Tuesday, June 26, 2012

Summer rejuvenation for readers

It's the season of summer reading, and many book clubs take a hiatus, with the intention of reading for pure fun, or future discussion, during the warm months. Gone is the imperative to finish a book before the next monthly meeting. Instead, folks will relax with a book they’ve been meaning to read for months—but couldn’t manage to squeeze between club reads. Or they’ll grab up a potboiler paperback they don’t mind getting a little wet while reading at the pool.
When your group has chosen its readings for late summer or fall, share with us by sending an e-mail to my address, at the end of this column. Let us know the reason for your selections as well, and feel free to send in club updates to be shared. New groups in the central Massachusetts region are also asked to check in!
Writer Hollis Shore of Lancaster facilitates a reading group specifically for writers. The Thayer Memorial Library sponsors this group, which meets every month, beginning in September, from 6 to 8 p.m. on the first Thursday. Members read and discuss a book chosen by Shore, looking at it from a writer’s perspective, with an eye toward writing style, effectiveness, imagery, and other writing methods. There are male and female members, who write everything from poetry to memoir, to fiction and nonfiction. Fall selection will be announced soon. For more information contact Nancy Clune, assistant director of Thayer Memorial Library at 978-368-8928, e-mail Shore at Hollisplus@yahoo.com.
Summer also affords time for exploring new sources of information—and books. Here are a few sources that may prove helpful to readers.
Library Thing, http://www.librarything.com/, is an online community rating, reviewing and passing out books. A clear list of blogs is in use on this 1.5 million-member book group site. And, since there’s power in numbers, the site includes information on where to get free books from publishers, and features giveaway contests as well. Subgroups at librarything break up into dozens of discussion groups, ranging from scifi to children’s books, history, crime, even a group for librarians.
Another innovative way to share and obtain books, for free, is available through bookcrossing.com, a site quite unlike any I’ve seen. It’s a great place to spend a little of that free time this summer. At bookcrossing, members can label a book with its own club i.d., which enables whoever gets it to log in and say where it is now. There are agreed-upon book drop sites, mail exchanges from titles listed on the site, and even something dubbed “wild release.” (We’ve all done it: leaving a book at a Starbucks or coffee house with collection space.) It’s fun to watch your book travel, and obtain some free ones yourself.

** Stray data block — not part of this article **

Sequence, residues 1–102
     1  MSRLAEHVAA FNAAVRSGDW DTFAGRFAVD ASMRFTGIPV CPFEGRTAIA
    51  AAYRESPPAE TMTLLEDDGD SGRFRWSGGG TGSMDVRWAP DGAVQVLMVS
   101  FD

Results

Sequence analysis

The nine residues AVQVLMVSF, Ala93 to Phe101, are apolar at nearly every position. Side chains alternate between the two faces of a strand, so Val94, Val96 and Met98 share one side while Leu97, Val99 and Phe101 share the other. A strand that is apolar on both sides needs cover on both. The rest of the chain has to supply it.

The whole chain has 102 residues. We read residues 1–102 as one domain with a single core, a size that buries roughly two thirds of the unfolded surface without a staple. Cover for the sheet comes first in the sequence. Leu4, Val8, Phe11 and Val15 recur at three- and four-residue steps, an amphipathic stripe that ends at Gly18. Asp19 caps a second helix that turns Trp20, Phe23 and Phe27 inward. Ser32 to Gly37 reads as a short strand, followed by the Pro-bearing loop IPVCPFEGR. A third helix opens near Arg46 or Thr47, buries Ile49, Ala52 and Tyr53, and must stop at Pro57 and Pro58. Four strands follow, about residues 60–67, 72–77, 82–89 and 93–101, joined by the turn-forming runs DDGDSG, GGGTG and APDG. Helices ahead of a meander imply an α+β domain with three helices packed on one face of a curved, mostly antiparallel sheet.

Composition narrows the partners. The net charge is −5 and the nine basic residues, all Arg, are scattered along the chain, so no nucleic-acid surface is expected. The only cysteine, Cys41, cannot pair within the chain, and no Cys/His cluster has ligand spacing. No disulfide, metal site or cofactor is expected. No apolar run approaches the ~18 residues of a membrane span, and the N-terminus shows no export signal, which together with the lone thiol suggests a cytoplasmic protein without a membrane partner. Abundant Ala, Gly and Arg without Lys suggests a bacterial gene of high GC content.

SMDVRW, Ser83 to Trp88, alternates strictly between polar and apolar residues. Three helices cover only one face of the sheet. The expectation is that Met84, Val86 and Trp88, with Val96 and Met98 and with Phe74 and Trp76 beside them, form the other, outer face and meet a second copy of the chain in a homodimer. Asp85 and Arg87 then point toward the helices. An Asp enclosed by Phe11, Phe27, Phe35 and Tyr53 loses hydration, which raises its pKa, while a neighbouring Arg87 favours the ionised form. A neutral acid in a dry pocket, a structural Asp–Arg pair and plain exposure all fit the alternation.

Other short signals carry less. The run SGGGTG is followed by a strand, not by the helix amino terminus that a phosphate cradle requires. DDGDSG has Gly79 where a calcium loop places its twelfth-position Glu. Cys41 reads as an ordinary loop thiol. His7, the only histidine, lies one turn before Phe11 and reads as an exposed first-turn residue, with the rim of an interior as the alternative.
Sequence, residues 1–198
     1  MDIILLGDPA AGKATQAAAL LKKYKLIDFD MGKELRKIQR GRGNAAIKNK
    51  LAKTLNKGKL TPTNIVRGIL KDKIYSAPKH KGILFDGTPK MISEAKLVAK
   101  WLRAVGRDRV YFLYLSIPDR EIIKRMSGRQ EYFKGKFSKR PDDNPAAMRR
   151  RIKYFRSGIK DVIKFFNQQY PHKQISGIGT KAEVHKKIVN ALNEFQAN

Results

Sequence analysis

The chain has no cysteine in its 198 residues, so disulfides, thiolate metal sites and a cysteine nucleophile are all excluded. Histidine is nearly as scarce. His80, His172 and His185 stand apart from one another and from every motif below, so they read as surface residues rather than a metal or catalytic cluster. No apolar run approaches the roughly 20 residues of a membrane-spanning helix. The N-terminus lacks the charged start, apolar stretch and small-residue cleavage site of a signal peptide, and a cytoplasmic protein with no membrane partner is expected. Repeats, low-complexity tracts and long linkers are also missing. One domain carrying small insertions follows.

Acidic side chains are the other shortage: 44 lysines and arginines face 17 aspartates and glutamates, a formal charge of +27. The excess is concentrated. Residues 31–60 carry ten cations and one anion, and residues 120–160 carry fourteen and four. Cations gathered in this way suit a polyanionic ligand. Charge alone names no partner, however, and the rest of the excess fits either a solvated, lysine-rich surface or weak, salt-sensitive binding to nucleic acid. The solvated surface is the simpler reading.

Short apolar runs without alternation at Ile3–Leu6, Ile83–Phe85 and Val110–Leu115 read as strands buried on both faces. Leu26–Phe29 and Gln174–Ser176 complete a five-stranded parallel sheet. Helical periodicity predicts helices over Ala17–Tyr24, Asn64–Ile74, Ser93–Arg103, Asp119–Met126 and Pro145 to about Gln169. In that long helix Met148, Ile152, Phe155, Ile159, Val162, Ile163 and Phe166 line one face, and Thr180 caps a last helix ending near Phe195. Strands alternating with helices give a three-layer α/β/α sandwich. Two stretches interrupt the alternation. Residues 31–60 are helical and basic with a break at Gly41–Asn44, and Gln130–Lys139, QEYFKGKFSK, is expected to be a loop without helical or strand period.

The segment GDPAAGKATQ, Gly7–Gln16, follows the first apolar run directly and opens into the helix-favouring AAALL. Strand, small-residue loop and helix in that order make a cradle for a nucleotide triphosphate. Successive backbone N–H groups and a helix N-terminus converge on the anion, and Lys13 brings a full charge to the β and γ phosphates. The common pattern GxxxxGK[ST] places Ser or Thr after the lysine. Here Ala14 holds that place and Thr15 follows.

Don’t ignore publishers, either.
There are lots of free e-books out there, serving as marketing tools, but publishers’ web sites also offer innovative services to book club readers.
ENC Press (www.encpress.com) offers downloadable pdfs of books in the public domain (copyrited before 1923). There are some gems. Currently, ENC is offering F. Scott Fitzgerald’s “The Curious Life of Benjamin Bean,” (not at all like the movie starring Brad Pitt), and “The Lost World,” a classic by Sir Arthur Conan Doyle.
Knopfdoubleday.com offers reading groups its own section on their site, with book excerpts, author interviews and now and then a free book. Better yet, the site offers clubs a connection to set up a phone meeting with a Vintage or Anchor Press author, including writers such as Sue Miller, Julia Glass, Ann Packer, Jane Smiley, John Vaillant.
They’re hardly alone. Random House, Penguin Books all offer author interviews, tickets to book events, freebies and chat rooms. HarperCollins.com offers many guides for book groups to use in discussion, or reading, ranging from ethnic topics to biographies, history, the classic writers, contemporary fiction, mother-daughter relationships, nonfiction, spirituality, etc.
These sites also offer free books occasionally to market an author’s latest book. At Bantam Dell, for instance, home to John Grisham, Dean Koontz and Lisa Gardner, offers a chance to win Alan Bradley’s latest Flavia de Luce (“Sweetness at the Bottom of the Pie”) mystery, and clues New York City area readers to a special Nov. 17 evening with noted mystery writers.
You just never know what you’ll find. Check out your favorite author’s site as well, for possibilities like free books, fun give-aways and opportunities to have that author talk with your club by Skype or phone, or even in person, next season. For example, Alexander McCall Smith, author of an intriguing (and humorous) collection of mysteries set in Botswana (“The Number One Ladies’ Detective Agency” series) will appear at the Boston Book Festival Oct. 27. His site lists that and other appearances, background, interviews, and more about his popular books (http://www.alexandermccallsmith.com/).
Ann Connery Frantz writes from Lancaster. Contact her at ann.frantz@gmail.com.